Poppy Logo

Percy Dickens

Private Percy Dickens, 51262, 7th Battalion, East Yorkshire Regiment

Percy Dickens and his twin sister Constance were born in Burton-on-Trent on July 14th 1896. Their parents, Frances (Fanny) Vials and Bertie Percy Dickens, had married there on January 16th 1894. By 1897, when their next child Harold was born, the family had moved to Leeds. The births of their next three children, Ethel, Elsie and Charlie, were registered in Leeds yet information supplied by their father and recorded on Percy's WW1 Service Record states that they were all born in Ossett between 1902 and 1905.

In 1918, during the last months of WW1, the Military Service Act raised the age limit for those eligible for service to 51 years. Bertie Dickens was 48 years-old when he enlisted in September that year in the Royal Engineers with service number 600713. Just two months before the signing of the Armistice; the beginning of the end of WW1. Prior to this Act only men aged between 18 and 41 years could become soldiers. Before the war Bertie worked for the General Post Office (GPO) as a telephone inspector and fitter.

Bertie did return to his family and his home at Roundwood after the end of WW1. His eldest son 22 year old Percy, a miner at Roundwood Colliery, sadly did not.

Bertie Dickens Address

Above: Bertie Percy Dickens' 1918 army enlistment record in the Royal Engineers that clearly shows his address is Roundwood, Ossett.

Percy lived with his family at Eastwood's Buildings at Roundwood. Some of Roundwood is in Alverthorpe, but part of Alverthorpe was included in the Ossett Borough by the Local Government Board's Provisional Orders Act 1900. The UK, WWI Pension Ledgers and Index Cards, 1914-1923 clearly states that Percy's address was 'Old Roundwood, Ossett'.

It is not known when Percy Dickens joined the army, but he enlisted first as Private 52817, in the 5th Battalion, King's Own Yorkshire Light Infantry, before being transferred to the East Yorkshire Regiment.

7th (Service) Battalion of the East Yorkshire Regiment was formed on the 16th September 1914 at Beverley as part of the Second New Army (K2) in the 50th Brigade of the 17th (Northern) Division. They then moved to Wareham in May 1915 and then to Romsey. On the 14th July 1915, the battalion was mobilised for war and landed at Boulogne.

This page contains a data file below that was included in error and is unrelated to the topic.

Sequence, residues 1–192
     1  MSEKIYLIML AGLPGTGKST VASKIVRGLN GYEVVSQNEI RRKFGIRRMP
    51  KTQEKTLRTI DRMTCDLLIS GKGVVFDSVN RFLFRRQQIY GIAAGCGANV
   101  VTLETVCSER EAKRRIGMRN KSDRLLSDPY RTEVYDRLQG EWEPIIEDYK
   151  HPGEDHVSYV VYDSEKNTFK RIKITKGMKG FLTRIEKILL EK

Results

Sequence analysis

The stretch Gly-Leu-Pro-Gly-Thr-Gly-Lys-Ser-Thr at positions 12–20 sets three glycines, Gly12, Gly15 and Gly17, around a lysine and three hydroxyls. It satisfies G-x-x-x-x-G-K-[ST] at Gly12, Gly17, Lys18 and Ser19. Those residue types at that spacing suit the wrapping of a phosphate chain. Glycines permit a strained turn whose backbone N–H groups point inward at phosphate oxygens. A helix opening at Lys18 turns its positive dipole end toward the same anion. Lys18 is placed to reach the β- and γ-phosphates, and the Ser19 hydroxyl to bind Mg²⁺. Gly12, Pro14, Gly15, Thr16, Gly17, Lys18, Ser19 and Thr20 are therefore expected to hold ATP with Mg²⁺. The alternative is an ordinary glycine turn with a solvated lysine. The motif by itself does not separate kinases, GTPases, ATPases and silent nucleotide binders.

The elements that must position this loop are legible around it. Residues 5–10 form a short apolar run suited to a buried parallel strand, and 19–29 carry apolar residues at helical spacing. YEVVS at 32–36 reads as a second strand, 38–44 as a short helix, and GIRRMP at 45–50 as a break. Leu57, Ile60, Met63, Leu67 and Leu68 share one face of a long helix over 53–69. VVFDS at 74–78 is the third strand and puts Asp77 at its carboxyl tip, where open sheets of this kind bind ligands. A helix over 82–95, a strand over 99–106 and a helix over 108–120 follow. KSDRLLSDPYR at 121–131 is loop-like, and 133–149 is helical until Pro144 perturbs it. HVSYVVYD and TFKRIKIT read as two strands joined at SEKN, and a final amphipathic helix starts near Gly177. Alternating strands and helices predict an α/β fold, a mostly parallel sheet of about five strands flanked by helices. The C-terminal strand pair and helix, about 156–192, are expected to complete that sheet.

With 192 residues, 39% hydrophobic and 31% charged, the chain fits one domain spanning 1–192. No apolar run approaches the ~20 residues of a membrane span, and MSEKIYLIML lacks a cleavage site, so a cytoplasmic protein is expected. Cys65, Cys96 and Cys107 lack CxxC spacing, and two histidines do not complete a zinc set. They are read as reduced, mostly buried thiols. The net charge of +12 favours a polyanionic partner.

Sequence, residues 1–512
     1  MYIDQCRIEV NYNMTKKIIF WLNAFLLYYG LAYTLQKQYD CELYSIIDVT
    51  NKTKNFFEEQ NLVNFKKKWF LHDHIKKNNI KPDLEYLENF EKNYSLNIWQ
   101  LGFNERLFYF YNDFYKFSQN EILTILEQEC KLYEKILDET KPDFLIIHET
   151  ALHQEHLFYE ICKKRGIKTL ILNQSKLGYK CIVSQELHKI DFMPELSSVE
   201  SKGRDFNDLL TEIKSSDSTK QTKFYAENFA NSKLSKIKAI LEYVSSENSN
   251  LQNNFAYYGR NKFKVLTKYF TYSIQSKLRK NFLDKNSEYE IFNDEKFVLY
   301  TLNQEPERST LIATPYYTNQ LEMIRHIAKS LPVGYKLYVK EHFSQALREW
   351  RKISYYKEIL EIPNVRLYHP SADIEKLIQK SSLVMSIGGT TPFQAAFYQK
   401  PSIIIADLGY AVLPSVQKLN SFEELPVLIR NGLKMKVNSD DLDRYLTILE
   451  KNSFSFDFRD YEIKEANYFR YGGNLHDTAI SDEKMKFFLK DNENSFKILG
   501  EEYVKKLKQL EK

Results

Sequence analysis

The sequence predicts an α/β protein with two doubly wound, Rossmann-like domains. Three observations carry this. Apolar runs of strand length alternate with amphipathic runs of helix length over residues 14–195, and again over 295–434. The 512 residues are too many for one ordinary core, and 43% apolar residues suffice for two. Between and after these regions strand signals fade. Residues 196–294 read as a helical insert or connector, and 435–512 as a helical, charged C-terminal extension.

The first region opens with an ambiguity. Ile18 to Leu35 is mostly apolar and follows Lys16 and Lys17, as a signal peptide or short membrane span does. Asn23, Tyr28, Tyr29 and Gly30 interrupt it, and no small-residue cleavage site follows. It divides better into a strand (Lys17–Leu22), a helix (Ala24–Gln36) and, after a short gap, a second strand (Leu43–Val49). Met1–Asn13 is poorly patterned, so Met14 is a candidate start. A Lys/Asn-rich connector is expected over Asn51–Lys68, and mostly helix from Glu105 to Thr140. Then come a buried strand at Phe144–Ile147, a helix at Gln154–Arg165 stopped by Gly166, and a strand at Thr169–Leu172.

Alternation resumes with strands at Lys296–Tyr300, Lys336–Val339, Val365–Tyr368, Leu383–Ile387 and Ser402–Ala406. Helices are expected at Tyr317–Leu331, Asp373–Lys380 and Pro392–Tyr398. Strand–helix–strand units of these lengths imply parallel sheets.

They engaged in various actions on the Western Front including during 1916, the Battle of Albert and the Battle of Delville Wood.

During 1917 they fought in the First and Second Battles of the Scarpe; the Capture of Roeux; the First and Second Battles of Passchendaele.

During 1918 they saw action in the Battle of St Quentin; the Battles of Bapaume; the Battle of Amiens; the Battle of Albert; the Battle of Havrincourt; the Battle of Epehy; the Battle of Cambrai, the pursuit to the Selle; the Battle of the Selle and the Battle of the Sambre, ending their war in Aulnoye, France.

The 7th Battalion, East Yorkshire Regiment formed part of the 17th [Northern] Division, along with the 10th West Yorks, 7th Yorkshire Regiment [Green Howards], and the 6th Dorsets.

It was during the Battle of the Selle that Private Percy Dickens was wounded on the 20th October 1918 and taken to one of the military hospitals at Le Treport where he died. Le Treport was an important hospital centre and by July 1916, the town contained three general hospitals (the 3rd, 16th and 2nd Canadian), No.3 Convalescent Depot and Lady Murray's B.R.C.S. Hospital. The 7th Canadian, 47th and 16th USA General Hospitals arrived later.

Casualties at the Battle of the Selle

Above: German and British wounded at the Battle of the Selle in October 1918.

From the War Diary of the 7th Battalion, East Yorkshire Regiment:

"On the 20th October 1918, under a heavy and accurate barrage the East Yorkshires and Dorsets advanced at 2.00am, followed by the West Yorkshiremen. The enemy's reply was also equally severe, and at the very outset telephone wires between Battalion and Brigade Headquarters were cut by hostile shell-fire. With fine dash, and fighting splendidly, the two attacking battalions, in the face of fierce opposition and heavy fire from machine-guns and trench-mortars, interspersed at regular intervals of fifty yards along the railway, reached the first objective by 2.20 am according to timetable, and there paused for ten minutes under a protective barrage in order to reorganize for the advance on the second objective [south and west of Neuvilly]"